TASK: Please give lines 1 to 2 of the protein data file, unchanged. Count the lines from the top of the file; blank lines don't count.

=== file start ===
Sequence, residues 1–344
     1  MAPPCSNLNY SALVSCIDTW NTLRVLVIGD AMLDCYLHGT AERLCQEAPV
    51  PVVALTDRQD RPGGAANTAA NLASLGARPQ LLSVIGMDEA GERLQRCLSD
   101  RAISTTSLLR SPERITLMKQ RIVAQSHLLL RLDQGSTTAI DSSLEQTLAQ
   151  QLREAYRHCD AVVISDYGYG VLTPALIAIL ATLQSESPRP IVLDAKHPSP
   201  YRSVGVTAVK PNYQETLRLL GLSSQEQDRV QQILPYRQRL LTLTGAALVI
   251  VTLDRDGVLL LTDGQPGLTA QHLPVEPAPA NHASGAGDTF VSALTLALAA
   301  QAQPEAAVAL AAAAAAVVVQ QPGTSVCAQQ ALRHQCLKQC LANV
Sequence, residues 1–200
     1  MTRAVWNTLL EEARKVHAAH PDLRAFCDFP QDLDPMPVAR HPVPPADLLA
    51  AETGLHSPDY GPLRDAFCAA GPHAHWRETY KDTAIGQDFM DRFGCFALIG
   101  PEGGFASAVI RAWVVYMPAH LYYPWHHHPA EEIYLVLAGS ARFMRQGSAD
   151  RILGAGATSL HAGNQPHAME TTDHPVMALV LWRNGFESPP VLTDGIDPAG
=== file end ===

Sequence, residues 1–344
     1  MAPPCSNLNY SALVSCIDTW NTLRVLVIGD AMLDCYLHGT AERLCQEAPV